He then teaches, “Immediately after hitting your drive on No. 17, switch your rangefinder selection from yards to meters. When you are ready to hit your next shot, read the distance to the pin in meters which is flashing in your rangefinder. Then, hit your normal yardage shot to the green. The difference in the distance of meters instead of yards, guarantees your shot will land short of the green. If you are lucky, the ball will bury in a greenside bunker.” Everyone on the terrace is oohing and aahing. They love the plan. 

Mac asks his students for quiet. Then he sips his longneck Lone Star Beer before explaining the key to the strategy. “You must pose as though you hit the shot perfectly. When it comes up woefully short of the green, act like you can’t believe it. Stare at your club for a minimum of six seconds before slamming it into your bag in disgust. No one will ever suspect you intentionally hit the ball short.”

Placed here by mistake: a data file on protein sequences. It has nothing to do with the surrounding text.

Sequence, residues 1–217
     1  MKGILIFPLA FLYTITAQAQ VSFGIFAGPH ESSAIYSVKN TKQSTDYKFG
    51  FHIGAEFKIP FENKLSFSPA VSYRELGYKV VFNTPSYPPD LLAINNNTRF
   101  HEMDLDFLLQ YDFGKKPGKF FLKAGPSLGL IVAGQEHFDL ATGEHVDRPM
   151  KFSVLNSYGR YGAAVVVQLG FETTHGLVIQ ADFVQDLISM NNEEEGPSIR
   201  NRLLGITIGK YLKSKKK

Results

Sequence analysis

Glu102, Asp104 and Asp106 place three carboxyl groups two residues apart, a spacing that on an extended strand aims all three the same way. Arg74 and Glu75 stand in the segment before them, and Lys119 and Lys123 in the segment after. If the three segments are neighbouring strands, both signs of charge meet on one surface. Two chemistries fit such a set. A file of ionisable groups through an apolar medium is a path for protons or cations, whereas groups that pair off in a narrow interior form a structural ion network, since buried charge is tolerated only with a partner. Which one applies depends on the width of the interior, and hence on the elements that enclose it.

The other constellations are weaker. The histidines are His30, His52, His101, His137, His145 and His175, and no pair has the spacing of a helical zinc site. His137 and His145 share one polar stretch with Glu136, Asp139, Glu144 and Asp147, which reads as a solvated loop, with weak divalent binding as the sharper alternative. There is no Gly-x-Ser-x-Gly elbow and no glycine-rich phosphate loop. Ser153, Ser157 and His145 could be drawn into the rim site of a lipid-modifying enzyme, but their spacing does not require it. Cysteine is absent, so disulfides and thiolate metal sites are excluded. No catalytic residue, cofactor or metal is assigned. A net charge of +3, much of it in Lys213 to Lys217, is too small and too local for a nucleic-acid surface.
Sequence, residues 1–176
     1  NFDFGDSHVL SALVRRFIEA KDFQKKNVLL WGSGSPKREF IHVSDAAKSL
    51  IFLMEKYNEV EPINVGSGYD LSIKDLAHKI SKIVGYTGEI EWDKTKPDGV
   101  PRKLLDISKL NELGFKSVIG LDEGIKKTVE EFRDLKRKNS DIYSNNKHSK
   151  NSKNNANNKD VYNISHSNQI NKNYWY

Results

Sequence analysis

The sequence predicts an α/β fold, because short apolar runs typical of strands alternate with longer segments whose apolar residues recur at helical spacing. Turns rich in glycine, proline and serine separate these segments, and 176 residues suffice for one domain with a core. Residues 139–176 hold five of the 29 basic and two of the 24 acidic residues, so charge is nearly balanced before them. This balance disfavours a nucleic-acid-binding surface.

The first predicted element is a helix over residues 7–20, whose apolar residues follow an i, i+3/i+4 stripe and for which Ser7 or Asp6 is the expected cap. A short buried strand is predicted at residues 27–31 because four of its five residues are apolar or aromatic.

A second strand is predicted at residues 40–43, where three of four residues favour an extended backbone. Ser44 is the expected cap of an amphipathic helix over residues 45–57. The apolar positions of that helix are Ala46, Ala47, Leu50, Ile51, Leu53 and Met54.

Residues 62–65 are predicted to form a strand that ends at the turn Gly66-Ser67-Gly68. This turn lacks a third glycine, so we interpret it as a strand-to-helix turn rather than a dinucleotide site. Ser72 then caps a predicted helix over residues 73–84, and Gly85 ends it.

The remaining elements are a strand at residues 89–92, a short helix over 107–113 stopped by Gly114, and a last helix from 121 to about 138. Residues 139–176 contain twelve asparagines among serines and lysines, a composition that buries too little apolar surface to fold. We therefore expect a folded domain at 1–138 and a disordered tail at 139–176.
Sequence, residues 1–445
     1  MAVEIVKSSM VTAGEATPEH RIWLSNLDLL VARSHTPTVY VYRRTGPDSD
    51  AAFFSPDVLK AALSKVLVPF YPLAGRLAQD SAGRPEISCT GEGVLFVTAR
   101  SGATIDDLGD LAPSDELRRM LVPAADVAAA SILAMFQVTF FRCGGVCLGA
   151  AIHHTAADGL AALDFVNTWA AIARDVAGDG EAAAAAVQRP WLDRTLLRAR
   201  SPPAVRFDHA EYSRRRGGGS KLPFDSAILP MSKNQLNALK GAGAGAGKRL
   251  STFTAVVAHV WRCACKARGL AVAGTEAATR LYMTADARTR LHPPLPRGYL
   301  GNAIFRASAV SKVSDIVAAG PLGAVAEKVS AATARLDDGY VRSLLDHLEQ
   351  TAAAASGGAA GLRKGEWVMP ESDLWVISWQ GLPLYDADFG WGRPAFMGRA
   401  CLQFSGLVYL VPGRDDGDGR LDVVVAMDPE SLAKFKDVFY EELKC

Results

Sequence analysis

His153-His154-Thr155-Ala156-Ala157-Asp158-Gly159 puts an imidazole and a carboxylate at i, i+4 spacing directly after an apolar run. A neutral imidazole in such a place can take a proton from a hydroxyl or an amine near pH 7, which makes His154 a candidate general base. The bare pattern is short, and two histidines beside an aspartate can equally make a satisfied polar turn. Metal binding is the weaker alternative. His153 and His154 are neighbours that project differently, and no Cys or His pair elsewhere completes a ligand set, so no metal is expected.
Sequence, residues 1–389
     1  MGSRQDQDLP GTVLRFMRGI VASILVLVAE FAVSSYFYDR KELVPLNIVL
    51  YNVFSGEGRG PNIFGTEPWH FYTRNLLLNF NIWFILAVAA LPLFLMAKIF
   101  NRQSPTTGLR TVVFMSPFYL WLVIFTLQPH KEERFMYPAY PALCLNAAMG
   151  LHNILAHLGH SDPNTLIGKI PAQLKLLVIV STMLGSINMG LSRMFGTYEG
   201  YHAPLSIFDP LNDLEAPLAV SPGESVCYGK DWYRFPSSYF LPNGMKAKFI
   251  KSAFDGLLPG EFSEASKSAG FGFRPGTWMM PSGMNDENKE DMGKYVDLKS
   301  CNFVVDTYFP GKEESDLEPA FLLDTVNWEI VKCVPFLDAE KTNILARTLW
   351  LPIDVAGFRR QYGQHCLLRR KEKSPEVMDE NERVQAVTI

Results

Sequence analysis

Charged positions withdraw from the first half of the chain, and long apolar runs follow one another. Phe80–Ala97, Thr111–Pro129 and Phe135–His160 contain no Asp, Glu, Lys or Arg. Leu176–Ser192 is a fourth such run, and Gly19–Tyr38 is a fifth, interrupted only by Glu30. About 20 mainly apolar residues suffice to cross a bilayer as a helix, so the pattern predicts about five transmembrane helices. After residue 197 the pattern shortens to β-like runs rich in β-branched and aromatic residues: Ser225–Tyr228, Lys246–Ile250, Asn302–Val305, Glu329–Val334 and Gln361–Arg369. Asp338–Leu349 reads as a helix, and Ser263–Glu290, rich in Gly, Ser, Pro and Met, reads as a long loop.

After taking a short break to answer a few questions, Mac resumed. “If you follow my directions, your handicap will become tournament ready. Remember, pull all putts you don’t need to make and whine when you miss. Switch your rangefinder to meters on the 17th tee. Pose like a champion after hitting your second shot, and act like a baby when it falls short. You, too, can get your handicap where it needs to be.” Brilliant, genius, magnificent, and other adjectives are shouted. 

The players putting on No. 18 green below the terrace look up to see what all the commotion is about. They recognize the guru and tip their hats with respect. A couple of them were grinning because they had just pulled putts they didn’t need to make.

If you like golf, you’ll love this book!  Reading this book will lift your spirits, and you may stumble upon a tip or two that will improve your handicap.  

Order it today on Amazon, CornerStoneLeadership, or your local bookstore. Kindle and Audible versions are also available on Amazon. I hope you enjoy! 

New Golf Clubs!